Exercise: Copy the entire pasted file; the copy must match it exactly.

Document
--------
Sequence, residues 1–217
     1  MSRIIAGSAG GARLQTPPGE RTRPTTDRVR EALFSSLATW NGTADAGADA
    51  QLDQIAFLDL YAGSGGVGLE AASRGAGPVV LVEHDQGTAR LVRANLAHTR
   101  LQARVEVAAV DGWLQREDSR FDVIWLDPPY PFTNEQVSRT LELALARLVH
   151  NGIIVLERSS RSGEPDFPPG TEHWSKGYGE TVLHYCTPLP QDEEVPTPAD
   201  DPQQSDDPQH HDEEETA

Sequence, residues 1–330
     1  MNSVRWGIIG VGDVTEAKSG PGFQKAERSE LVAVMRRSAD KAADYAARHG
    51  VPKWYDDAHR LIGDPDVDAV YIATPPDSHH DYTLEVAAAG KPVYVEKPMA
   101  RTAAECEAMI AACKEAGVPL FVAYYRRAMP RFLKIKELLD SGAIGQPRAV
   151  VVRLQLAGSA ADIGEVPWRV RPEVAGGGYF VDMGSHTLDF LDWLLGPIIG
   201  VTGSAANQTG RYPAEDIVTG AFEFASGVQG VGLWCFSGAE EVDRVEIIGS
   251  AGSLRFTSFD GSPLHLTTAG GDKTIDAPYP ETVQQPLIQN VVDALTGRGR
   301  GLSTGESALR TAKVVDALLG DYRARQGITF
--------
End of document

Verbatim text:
Sequence, residues 1–217
     1  MSRIIAGSAG GARLQTPPGE RTRPTTDRVR EALFSSLATW NGTADAGADA
    51  QLDQIAFLDL YAGSGGVGLE AASRGAGPVV LVEHDQGTAR LVRANLAHTR
   101  LQARVEVAAV DGWLQREDSR FDVIWLDPPY PFTNEQVSRT LELALARLVH
   151  NGIIVLERSS RSGEPDFPPG TEHWSKGYGE TVLHYCTPLP QDEEVPTPAD
   201  DPQQSDDPQH HDEEETA

Sequence, residues 1–330
     1  MNSVRWGIIG VGDVTEAKSG PGFQKAERSE LVAVMRRSAD KAADYAARHG
    51  VPKWYDDAHR LIGDPDVDAV YIATPPDSHH DYTLEVAAAG KPVYVEKPMA
   101  RTAAECEAMI AACKEAGVPL FVAYYRRAMP RFLKIKELLD SGAIGQPRAV
   151  VVRLQLAGSA ADIGEVPWRV RPEVAGGGYF VDMGSHTLDF LDWLLGPIIG
   201  VTGSAANQTG RYPAEDIVTG AFEFASGVQG VGLWCFSGAE EVDRVEIIGS
   251  AGSLRFTSFD GSPLHLTTAG GDKTIDAPYP ETVQQPLIQN VVDALTGRGR
   301  GLSTGESALR TAKVVDALLG DYRARQGITF